Privatization Takes Hold
Privatization in Latin America is in line with overall industry expectations.
Around 2% of the world’s commercial airports are managed or owned by the private sector. Lima’s Jorge Chavez Airport has a decade of experience in the private sector. Run by Fraport, it has benefited from over $270 million in investment since 2001. The gateway recorded a 17% increase in traffic in 2010. Even so, the government takes a sizeable chunk of money from the deal, which isn’t reinvested in airport infrastructure.
In Brazil, 13 of the top 20 airports are experiencing congestion problems. São Paulo is in a dire state and plans for a new terminal are shrouded in an opaque approval process. Infrastructure is not ready for the soccer World Cup and the Olympics, being held in 2014 and 2016 respectively. The Brazilian Government has recognized that current operator INFRAERO is struggling and is considering a concession model.
In Argentina, 32 airports were taken over by AA2000 in 1998 and there followed a decade long dispute over tariffs, only resolved when a 50% discount for international flights came into play in 2007. Airport regulator (ORSNA) has played a very important role in maintaining this agreement.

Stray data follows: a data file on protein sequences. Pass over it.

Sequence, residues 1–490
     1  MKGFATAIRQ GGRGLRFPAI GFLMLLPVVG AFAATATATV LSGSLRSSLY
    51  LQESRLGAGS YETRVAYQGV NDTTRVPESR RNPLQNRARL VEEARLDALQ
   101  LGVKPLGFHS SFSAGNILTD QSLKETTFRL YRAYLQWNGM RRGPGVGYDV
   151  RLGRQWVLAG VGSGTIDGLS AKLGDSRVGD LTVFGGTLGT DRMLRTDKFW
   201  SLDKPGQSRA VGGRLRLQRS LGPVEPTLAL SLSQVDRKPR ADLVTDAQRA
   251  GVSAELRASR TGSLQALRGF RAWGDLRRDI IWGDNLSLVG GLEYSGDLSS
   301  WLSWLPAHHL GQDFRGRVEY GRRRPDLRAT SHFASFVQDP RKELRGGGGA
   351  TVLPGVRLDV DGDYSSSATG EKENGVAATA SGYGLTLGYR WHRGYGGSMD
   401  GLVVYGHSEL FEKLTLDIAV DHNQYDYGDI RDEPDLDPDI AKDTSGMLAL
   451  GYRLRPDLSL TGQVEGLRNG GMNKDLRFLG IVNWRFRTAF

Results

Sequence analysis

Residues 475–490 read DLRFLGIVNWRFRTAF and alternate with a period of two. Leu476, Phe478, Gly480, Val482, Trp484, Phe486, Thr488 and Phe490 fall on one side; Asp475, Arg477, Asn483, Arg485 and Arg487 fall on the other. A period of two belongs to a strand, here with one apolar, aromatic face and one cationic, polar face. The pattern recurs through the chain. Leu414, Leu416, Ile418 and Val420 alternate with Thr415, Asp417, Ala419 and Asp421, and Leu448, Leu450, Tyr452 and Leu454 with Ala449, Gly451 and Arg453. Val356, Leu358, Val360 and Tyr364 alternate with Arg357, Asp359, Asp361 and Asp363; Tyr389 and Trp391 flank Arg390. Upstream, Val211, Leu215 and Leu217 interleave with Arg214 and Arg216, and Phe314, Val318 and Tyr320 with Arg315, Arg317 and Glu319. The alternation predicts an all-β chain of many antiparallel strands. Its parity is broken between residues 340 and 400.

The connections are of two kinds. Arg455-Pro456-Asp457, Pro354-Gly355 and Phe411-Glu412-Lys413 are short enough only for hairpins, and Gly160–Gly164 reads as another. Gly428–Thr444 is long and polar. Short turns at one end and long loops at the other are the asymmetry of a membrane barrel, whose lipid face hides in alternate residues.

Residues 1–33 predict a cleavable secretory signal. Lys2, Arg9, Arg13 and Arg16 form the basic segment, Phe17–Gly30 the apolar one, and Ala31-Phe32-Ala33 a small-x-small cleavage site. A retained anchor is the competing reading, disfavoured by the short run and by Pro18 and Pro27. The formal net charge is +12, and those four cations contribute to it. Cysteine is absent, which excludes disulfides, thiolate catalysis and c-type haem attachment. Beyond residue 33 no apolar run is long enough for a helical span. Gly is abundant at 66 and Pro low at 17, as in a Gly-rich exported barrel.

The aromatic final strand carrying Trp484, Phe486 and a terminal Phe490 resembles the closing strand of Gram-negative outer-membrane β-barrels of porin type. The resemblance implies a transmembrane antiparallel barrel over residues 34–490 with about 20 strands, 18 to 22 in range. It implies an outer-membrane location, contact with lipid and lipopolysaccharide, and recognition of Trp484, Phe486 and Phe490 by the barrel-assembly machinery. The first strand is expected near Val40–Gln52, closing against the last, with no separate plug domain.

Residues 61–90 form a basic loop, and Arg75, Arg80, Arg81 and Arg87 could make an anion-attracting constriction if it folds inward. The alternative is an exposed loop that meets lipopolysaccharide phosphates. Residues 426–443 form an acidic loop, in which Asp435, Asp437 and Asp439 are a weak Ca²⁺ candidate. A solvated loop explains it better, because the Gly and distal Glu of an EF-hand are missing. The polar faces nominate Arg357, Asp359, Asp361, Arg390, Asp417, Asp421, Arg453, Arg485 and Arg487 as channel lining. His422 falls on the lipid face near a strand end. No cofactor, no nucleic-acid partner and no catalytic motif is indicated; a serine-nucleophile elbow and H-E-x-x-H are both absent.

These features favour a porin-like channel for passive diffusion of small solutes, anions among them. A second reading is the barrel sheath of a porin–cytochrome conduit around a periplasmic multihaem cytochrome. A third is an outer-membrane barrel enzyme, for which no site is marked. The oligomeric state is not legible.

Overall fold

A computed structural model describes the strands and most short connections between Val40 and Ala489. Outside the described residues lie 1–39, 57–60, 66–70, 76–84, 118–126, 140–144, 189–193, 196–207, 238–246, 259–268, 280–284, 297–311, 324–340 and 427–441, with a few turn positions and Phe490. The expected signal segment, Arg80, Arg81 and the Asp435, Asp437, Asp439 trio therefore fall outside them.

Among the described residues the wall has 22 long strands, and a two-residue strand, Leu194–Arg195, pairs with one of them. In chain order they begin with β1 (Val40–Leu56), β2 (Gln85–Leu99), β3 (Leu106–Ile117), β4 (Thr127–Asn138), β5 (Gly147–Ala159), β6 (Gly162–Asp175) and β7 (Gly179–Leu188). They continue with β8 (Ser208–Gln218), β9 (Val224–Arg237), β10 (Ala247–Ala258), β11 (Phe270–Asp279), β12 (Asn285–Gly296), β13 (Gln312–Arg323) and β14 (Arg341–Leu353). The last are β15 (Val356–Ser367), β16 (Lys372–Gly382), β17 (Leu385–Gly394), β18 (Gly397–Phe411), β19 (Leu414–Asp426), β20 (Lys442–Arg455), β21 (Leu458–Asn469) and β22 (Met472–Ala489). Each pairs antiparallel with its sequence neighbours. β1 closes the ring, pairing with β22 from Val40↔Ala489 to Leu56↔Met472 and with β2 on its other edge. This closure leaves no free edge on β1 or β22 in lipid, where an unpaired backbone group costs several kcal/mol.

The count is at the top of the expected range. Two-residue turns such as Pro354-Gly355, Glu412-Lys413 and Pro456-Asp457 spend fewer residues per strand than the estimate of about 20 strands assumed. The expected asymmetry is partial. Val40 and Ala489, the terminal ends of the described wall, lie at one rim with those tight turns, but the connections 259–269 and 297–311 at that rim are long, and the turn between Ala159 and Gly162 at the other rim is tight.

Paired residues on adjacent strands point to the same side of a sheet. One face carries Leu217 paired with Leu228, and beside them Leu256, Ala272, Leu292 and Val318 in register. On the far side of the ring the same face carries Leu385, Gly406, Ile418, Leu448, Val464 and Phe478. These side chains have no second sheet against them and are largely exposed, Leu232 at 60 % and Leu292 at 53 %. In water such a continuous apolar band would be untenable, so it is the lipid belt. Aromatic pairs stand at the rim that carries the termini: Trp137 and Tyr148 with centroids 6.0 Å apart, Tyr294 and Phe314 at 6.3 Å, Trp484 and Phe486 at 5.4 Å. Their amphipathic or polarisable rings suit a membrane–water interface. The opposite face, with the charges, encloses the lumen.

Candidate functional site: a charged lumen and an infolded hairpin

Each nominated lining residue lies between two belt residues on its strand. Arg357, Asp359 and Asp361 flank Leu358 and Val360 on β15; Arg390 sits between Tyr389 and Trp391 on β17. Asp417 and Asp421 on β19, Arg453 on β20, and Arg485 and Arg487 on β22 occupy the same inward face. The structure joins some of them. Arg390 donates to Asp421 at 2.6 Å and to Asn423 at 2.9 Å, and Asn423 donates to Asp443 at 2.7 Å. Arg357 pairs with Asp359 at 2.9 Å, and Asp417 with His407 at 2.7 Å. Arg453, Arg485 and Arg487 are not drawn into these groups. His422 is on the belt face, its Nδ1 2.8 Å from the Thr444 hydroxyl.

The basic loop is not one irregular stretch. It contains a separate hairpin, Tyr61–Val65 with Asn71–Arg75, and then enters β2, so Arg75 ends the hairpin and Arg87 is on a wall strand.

Land-locked Paraguay’s airports have long needed investment and the government had agreed to look at a concession model. A $100 million concession for Silvio Pettirossi International Airport in Asunción was one of three potential privatizations on the cards. IATA successfully countered the proposed privatizations as they weren’t following clear ICAO and IATA guidelines and could have resulted in the concessionaires hiking up prices. President Fernando Lugo recently vetoed the privatization bill.
Although airport ownership isn’t a consideration, from a user perspective there clearly needs to be a strong regulator that enforces tough service level agreements and ensures transparency and efficiency at all times. Otherwise, putting a monopoly provider in the hands of the private sector could prove disastrous to service levels, prices, and the economy.
More articles from this report